Turkey blocks Dropbox, OneDrive and Google Drive after RedHack leaks

Turkish flag

Turkey has blocked Dropbox, Microsoft's OneDrive, and Google Drive in a bid to stem a tide of anti-government RedHack leaks.

Developer platform Github was also blocked by President Recep Erdogan's government, following left-wing hacktivist group RedHack's leak of a huge cache of 57,000 emails allegedly exposing government corruption.

Blocks were issued at the internet service provider (ISP) level, with major Turkish telcos restricting access to the services, according to TurkeyBlocks.org, a site dedicated to "mapping internet freedom in real time". Some sources are indicating that smaller providers are not enforcing the ban.

The site noted that while Dropbox was blocked entirely, Google Drive was only partially restricted - possibly because so much of Google's cloud infrastructure is interdependent. The ban was also reportedly eased after Google removed links to the email cache.

The blocks have prompted outrage from the Turkish tech community, who say they need these tools - Github in particular - in order to do their jobs. Many have resorted to using VPNs, with one Turkish software agency employee noting "only good thing coming from this is that I've discovered software... which made setting up the VPN pretty easy".

The emails allegedly come from the hacked personal accounts of Berat Albarayrak, the Turkish energy minister and son-in-law of President Erdogan. According to The Daily Dot, the emails show that Albarayrak used his previous position as owner of popular media outlets to silence public criticism of Erdogan and his regime during the Gezi Protests of 2013.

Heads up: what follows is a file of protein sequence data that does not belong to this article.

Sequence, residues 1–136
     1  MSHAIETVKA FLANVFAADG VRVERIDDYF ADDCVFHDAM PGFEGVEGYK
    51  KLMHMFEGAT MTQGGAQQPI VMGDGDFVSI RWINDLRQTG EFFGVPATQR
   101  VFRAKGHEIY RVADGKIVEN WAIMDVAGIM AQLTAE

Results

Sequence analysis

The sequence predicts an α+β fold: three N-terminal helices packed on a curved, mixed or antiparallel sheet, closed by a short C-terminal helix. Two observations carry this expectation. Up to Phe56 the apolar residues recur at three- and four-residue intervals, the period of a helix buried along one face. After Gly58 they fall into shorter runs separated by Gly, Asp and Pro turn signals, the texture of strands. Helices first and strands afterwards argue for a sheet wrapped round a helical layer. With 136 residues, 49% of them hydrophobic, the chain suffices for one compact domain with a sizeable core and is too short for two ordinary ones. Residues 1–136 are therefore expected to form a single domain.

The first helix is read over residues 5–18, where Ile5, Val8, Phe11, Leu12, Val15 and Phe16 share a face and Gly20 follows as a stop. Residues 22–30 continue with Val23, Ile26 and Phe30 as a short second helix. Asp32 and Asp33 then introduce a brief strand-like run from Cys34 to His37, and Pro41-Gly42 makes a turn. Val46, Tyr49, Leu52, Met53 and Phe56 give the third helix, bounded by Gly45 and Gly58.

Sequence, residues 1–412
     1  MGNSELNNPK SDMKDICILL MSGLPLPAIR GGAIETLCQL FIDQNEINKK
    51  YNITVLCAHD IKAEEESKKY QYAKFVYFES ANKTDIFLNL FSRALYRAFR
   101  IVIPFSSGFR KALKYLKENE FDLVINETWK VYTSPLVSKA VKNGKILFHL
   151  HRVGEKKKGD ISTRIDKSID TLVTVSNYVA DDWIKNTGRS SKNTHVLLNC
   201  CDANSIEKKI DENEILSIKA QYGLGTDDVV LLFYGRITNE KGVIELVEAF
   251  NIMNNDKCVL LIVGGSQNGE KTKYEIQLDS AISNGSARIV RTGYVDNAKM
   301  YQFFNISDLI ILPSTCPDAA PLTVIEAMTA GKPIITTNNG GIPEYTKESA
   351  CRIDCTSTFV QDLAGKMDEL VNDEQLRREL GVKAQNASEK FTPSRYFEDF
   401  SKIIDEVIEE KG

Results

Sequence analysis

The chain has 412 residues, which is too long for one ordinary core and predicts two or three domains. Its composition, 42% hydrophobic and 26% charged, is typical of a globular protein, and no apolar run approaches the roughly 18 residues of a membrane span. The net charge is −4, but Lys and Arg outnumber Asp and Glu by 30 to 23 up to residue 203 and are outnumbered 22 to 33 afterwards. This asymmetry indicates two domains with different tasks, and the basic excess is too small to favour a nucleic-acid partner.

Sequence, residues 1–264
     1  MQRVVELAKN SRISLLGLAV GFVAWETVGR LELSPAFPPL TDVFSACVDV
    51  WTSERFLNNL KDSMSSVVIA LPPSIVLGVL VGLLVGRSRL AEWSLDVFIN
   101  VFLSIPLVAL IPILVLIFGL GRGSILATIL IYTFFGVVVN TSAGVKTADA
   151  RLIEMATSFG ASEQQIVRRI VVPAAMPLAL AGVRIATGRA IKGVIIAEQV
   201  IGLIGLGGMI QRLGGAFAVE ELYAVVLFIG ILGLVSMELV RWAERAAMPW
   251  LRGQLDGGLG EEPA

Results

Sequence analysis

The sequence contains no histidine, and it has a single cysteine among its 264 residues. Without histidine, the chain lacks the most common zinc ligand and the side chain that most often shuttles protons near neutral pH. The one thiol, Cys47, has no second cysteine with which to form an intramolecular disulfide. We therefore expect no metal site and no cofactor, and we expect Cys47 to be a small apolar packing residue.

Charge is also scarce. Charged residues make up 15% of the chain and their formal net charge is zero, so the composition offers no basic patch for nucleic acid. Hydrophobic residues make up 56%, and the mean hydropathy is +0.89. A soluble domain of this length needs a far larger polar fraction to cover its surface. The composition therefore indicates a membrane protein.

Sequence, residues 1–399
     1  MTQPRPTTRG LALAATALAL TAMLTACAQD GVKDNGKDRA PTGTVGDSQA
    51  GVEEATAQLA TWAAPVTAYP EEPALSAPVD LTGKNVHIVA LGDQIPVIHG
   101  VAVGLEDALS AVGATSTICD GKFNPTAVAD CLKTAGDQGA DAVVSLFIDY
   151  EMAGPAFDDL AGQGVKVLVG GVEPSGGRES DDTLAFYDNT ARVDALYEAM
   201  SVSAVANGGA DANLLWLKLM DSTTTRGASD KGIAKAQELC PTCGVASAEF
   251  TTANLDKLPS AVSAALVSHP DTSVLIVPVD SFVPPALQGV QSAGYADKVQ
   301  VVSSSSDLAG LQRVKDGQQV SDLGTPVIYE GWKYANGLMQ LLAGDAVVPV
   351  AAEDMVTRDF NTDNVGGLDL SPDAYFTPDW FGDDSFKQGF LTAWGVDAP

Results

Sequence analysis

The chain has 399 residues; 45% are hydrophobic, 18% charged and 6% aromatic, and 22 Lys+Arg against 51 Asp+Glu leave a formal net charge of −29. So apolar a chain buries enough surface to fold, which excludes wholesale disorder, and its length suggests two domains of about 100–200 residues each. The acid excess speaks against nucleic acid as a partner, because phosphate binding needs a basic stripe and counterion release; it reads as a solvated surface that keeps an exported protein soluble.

Among various other issues, the emails appear to indicate that Albarayak repeatedly discussed business deals matters of internal government policy in messages hosted on US-based servers.

Turkey's government is yet to confirm whether the documents are authentic or not, and has not issued a public statement on the hack.

Adam Shepherd

Adam Shepherd has been a technology journalist since 2015, covering everything from cloud storage and security, to smartphones and servers. Over the course of his career, he’s seen the spread of 5G, the growing ubiquity of wireless devices, and the start of the connected revolution. He’s also been to more trade shows and technology conferences than he cares to count.

Adam is an avid follower of the latest hardware innovations, and he is never happier than when tinkering with complex network configurations, or exploring a new Linux distro. He was also previously a co-host on the ITPro Podcast, where he was often found ranting about his love of strange gadgets, his disdain for Windows Mobile, and everything in between.

You can find Adam tweeting about enterprise technology (or more often bad jokes) @AdamShepherUK.